Heather Prentice-Walz is a Ph.D. student in the Department of Anthropology who also serves as the UCSB Graduate Student Association’s Vice President of Internal Affairs. Her work as a sociocultural anthropologist focuses on the ways in which international nongovernmental organizations impact local food systems in rural Haiti. “I feel honored to have the opportunity to meet NSF Director Dr. France Córdova, whose career is a testament to the value placed on the broader public impacts of academic research,” she said. “I am thrilled that the NSF supports my own research, which is an ethnographic study of the ways in which local communities in rural Haiti understand and interact with international aid organizations in a post-disaster context. My project, which focuses on the food and agriculture sector, and centers local perceptions of the relationship between international aid organizations and food systems, would not be possible without the support provided by the NSF’s GRFP.”


NSF Director France C√≥rdovaThe Honorable France A. Córdova is an astrophysicist and the 14th director of the National Science Foundation (NSF). Córdova was nominated to this position by the President of the United States in 2013 and subsequently confirmed by the U.S. Senate. NSF is a $8.1B independent federal agency; it is the only government agency charged with advancing all fields of scientific discovery, technological innovation, and STEM education.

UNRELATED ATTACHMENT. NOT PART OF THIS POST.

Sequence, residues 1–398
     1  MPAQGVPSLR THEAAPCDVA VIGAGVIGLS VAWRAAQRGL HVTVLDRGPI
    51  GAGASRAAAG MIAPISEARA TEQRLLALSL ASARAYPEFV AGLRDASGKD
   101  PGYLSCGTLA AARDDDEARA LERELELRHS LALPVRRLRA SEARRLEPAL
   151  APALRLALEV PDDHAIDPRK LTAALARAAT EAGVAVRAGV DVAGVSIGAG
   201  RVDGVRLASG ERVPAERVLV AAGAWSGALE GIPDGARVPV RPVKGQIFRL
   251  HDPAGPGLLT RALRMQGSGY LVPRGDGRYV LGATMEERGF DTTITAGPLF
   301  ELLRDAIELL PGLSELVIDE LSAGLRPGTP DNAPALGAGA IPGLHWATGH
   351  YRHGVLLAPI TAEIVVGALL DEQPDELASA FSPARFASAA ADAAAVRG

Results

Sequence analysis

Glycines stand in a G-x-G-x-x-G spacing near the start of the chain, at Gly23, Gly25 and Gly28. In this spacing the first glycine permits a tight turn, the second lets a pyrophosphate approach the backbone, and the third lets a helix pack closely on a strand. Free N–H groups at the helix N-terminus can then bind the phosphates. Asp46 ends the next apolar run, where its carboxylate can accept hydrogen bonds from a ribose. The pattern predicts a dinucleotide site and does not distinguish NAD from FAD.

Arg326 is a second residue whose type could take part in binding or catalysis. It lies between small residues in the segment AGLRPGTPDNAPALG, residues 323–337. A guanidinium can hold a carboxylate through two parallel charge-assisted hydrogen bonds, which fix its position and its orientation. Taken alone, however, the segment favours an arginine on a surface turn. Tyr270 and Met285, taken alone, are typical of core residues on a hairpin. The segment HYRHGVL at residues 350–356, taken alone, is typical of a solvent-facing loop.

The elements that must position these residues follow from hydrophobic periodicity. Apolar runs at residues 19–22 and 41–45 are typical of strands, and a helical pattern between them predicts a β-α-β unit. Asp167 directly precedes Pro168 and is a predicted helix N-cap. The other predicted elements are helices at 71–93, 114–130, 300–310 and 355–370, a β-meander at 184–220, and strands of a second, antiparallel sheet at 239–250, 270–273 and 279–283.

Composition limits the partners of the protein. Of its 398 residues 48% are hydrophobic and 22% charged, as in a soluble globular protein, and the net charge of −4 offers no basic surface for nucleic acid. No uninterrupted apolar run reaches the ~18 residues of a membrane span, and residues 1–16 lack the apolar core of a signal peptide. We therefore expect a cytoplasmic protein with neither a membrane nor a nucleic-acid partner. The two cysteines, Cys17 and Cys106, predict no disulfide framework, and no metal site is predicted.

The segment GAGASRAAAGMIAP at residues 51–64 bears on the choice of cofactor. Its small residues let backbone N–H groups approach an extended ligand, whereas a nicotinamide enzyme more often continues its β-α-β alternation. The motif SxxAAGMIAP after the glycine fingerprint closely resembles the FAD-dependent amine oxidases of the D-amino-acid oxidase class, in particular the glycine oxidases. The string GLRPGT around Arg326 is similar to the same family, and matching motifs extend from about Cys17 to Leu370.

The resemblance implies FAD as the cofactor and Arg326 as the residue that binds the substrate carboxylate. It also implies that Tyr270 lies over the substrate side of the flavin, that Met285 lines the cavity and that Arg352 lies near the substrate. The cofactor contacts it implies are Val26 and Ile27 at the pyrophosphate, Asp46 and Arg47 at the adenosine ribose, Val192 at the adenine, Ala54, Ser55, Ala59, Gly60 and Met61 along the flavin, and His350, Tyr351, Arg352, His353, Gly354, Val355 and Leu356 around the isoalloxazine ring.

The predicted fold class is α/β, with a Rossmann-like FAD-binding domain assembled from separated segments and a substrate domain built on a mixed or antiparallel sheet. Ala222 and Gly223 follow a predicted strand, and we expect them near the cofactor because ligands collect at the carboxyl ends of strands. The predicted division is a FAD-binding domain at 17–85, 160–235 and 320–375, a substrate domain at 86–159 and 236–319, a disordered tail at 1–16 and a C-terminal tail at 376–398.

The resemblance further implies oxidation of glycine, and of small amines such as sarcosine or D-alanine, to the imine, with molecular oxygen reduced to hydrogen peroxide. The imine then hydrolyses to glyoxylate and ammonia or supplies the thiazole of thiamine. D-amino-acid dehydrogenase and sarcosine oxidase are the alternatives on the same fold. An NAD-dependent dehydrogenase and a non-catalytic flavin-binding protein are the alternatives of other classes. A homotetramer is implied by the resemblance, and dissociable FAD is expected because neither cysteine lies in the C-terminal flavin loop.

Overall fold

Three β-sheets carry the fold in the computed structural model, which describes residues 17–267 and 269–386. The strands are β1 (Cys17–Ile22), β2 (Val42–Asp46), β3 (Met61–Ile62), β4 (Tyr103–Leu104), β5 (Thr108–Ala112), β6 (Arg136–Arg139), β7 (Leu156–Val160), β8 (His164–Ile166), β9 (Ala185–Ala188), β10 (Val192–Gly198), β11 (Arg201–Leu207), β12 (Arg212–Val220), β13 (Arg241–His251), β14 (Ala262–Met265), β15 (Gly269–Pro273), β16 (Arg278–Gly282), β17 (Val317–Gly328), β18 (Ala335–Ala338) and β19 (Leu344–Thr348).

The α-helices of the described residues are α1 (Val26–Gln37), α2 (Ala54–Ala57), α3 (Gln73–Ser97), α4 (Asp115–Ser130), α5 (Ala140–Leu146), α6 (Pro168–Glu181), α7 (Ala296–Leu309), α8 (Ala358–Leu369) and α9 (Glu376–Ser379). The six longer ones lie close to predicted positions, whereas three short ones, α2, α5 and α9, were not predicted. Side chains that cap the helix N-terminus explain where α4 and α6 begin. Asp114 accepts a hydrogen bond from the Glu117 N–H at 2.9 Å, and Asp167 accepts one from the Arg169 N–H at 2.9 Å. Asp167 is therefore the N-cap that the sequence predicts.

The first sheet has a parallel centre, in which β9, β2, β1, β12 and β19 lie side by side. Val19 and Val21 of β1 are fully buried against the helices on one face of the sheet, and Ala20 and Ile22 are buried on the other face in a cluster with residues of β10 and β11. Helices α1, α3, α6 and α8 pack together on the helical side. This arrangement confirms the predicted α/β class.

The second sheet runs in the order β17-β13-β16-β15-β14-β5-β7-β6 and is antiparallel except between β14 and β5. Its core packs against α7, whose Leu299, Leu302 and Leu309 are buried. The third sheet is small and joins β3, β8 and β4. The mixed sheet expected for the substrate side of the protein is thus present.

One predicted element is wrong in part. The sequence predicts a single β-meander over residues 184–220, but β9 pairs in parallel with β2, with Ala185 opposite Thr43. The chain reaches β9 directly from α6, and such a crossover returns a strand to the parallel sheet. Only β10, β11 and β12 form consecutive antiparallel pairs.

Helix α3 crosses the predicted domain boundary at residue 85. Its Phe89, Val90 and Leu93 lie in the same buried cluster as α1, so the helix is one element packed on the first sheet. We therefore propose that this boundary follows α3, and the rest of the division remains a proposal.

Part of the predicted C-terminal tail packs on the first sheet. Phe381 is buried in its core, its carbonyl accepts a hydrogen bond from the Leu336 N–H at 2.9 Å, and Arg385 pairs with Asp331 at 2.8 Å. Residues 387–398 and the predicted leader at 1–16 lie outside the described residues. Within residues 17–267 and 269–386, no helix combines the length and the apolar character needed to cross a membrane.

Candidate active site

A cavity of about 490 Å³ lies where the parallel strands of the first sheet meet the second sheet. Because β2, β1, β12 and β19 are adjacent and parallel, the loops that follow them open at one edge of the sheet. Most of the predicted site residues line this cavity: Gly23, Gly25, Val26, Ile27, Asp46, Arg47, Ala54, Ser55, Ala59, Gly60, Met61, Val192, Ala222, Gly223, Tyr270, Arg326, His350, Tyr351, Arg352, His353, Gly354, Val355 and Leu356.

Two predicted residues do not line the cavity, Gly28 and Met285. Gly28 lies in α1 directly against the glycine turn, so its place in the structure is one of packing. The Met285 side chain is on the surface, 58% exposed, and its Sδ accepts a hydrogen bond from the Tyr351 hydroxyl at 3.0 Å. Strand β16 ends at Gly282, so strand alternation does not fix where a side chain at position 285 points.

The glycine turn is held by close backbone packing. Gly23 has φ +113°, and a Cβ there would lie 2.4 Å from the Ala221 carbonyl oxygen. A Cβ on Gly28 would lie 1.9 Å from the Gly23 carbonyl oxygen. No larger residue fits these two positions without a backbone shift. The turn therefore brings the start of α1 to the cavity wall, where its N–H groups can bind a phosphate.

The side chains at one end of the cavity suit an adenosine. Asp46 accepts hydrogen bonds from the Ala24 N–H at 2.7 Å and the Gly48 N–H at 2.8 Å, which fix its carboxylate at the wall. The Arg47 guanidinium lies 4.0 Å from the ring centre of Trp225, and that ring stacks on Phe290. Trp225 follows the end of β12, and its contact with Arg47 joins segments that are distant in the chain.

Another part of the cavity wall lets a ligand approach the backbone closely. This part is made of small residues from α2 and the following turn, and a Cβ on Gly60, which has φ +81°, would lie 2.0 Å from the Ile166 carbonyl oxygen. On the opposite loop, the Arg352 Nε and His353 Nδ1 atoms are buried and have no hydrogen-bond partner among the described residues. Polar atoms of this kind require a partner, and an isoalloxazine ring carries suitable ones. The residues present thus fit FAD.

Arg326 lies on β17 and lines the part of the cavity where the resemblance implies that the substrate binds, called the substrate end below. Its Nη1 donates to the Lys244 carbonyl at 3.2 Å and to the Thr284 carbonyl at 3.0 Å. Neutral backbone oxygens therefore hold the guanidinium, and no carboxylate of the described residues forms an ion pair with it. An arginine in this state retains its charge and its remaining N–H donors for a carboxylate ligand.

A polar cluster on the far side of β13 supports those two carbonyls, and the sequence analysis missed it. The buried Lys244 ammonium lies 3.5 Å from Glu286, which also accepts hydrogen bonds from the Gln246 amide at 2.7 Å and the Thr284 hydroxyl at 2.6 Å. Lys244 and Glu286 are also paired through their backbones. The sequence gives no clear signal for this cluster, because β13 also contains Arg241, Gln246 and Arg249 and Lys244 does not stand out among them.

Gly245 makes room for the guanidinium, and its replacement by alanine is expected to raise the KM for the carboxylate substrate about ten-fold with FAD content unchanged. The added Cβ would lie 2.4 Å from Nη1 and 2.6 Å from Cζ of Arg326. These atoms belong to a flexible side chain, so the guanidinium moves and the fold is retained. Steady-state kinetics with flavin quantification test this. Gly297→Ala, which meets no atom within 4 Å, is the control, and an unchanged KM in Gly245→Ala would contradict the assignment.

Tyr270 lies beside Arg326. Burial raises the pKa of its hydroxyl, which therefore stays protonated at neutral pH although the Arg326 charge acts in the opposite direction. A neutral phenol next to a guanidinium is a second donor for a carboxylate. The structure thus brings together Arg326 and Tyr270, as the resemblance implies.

Córdova has been a leader in science, engineering and education for more than three decades. She has a distinguished career in both higher education and government; her contributions in multi-spectrum research on x-ray and gamma ray sources and space-borne instrumentation have made her an internationally recognized astrophysicist.

She is president emerita of Purdue University, chancellor emerita of the University of California, Riverside and former vice chancellor for research at the University of California, Santa Barbara. During her tenure at UCSB, she initiated a "Research Across Disciplines" program that funded and encouraged both interdisciplinary and "blue sky" projects.

She also served as NASA's chief scientist and is a recipient of the agency's highest honor, the Distinguished Service Medal. Prior to joining NASA, Córdova was the astronomy department head at Penn State and deputy group leader at Los Alamos National Lab.

She received her B.A. from Stanford University and her Ph.D. in physics from the California Institute of Technology.